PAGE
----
If Collin County Commissioners Court has its way, county taxpayers won’t be on the hook for exorbitant attorneys’ fees improperly authorized by a local judge.
County commissioners moved last week to challenge excessive court-ordered fees to three more attorneys involved in the politically-motivated prosecution of Texas Attorney General Ken Paxton – bringing to six the number of outside lawyers the county believes have overcharged taxpayers for work related to the Paxton case.
The action followed a similar move by commissioners last month to challenge an order that had required the county to overpay three Houston criminal defense attorneys appointed to serve as special prosecutors in the Paxton case. Kent Schaffer, Brian Wice, and Nicole DeBorde billed Collin County taxpayers a total of $254,000 for pre-trial work in 2015.
In 2016 the trio racked up another $200,000 in legal fees – all at a court-set hourly rate of $300. The county challenged those bills, and in August the Fifth Court of Appeals in Dallas voided another order by Judge George Gallagher requiring the county to again overpay Schaffer, Wice, and DeBorde. (Gallagher was replaced with a randomly-selected Democrat judge when the trial was moved from Collin to Harris County.)
The appellate court found that Judge Scott Becker, the local administrative judge of Collin County, wrongly agreed to pay the outside attorneys who he’d appointed to work on the Paxton prosecution a rate of $300 per hour, with no cap.
“The law at issue in this case plainly prescribes that all payments made to appointed attorneys in criminal cases be “paid in accordance with a schedule of fees” that includes fixed rates or minimum and maximum hourly rates… Judge Gallagher had no authority to order payment of fees in violation of article 26.05.”
That ruling validated the county’s legal basis for challenging the exorbitant bills of all the outside attorneys unduly profiting from the Paxton prosecution. By seeking to void those bills, commissioners are also positioning the county to recoup, or “disgorge,” overpayments that taxpayers have already made.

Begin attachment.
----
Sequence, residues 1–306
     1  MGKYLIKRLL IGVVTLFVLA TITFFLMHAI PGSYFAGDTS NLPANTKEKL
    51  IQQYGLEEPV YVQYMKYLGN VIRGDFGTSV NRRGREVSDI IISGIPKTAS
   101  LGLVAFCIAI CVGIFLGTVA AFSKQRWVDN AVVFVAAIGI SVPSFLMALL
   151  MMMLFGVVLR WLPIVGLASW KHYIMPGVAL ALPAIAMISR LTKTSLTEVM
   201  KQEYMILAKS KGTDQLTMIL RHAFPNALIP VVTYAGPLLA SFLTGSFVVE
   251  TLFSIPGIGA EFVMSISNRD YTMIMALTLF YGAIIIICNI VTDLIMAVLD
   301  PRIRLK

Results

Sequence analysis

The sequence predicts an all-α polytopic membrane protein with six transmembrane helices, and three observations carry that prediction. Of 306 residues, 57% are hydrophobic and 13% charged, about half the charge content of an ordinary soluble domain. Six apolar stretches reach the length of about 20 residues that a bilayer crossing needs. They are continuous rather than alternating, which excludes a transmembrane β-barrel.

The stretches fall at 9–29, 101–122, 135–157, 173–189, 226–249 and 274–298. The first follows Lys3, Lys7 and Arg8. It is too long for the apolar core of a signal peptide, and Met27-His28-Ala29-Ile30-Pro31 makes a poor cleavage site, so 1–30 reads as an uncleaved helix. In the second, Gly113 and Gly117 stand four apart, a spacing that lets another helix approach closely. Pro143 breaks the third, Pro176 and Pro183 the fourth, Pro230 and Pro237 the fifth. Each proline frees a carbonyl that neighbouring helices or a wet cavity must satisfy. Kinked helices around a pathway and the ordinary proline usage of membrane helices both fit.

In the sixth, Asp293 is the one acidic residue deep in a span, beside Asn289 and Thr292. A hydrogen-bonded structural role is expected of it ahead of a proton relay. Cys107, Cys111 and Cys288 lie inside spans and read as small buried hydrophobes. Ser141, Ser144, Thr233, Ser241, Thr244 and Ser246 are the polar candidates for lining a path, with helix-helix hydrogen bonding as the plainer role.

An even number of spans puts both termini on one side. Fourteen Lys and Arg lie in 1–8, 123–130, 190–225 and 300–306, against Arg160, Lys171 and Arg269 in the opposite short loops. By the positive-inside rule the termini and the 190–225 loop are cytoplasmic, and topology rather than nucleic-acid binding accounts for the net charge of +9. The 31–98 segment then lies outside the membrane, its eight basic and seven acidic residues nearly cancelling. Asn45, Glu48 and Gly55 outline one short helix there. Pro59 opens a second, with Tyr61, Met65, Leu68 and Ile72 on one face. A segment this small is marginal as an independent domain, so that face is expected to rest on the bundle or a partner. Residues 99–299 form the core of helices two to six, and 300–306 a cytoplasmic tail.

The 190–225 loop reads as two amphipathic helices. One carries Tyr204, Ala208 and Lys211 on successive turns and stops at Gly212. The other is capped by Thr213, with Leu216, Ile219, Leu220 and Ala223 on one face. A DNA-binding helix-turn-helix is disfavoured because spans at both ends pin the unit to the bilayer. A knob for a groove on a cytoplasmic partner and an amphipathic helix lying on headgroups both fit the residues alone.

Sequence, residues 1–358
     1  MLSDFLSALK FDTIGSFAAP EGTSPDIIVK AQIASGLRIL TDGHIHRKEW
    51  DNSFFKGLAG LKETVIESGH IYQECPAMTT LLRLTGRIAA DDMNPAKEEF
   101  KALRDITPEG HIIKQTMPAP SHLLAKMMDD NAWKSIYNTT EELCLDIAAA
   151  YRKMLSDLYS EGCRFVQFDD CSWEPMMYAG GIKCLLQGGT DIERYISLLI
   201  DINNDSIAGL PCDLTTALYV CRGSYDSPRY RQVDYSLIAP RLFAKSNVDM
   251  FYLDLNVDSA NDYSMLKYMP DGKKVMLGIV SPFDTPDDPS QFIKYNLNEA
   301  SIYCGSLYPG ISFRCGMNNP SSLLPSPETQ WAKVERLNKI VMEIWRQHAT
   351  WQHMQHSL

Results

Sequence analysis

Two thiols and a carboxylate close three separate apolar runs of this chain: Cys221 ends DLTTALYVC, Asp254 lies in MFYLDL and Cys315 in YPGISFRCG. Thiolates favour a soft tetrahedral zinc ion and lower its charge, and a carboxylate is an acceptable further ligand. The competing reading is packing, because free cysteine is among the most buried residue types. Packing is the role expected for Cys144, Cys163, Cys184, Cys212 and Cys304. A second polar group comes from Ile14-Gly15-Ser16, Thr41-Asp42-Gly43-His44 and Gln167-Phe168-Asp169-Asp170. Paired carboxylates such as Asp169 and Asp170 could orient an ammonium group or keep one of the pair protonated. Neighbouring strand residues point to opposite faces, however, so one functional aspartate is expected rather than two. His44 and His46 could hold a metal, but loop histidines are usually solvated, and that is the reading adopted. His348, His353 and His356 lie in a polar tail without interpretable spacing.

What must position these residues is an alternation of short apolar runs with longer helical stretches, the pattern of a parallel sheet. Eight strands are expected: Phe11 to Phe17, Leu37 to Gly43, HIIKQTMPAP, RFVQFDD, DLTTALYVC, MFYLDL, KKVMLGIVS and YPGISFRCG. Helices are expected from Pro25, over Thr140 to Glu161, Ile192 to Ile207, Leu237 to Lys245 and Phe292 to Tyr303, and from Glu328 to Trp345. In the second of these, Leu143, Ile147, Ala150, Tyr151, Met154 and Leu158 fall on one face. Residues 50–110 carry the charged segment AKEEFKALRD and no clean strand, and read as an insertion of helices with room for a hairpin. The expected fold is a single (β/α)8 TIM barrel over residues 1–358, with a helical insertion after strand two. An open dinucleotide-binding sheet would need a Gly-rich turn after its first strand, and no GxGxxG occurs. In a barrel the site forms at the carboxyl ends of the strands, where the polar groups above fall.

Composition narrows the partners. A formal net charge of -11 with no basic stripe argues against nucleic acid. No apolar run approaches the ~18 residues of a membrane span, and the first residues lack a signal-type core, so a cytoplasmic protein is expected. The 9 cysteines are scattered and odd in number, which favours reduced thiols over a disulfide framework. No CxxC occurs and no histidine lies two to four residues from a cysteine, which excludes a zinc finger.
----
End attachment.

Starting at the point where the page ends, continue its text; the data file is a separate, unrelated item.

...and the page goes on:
Commissioner Susan Hayes Fletcher says she feels an obligation to her constituents, who are footing the bills, to challenge the court-ordered fees. A plain reading of the appeals court’s opinion, she said, “makes it very clear that these fees were unjust enrichment of the special prosecutors, and both judges [Becker and Gallagher] relied on local rules that went beyond their statutory limits.”
Commissioner Chris Hill said that, to him, “this issue has been very black-and-white from the beginning. The Texas statutes are clear, the Fair Defense Act seems very clear.”
The state continues to pursue three criminal securities fraud charges against Paxton, even though a federal judge twice threw out related civil charges for lack of evidence. Legal experts say it’s unlikely for a criminal case to succeed when a civil case, which has a lower burden of proof, has failed.
If the Commissioners Court succeeds in its actions, it’s also unlikely that Collin County taxpayers will have to overpay for the overblown prosecution.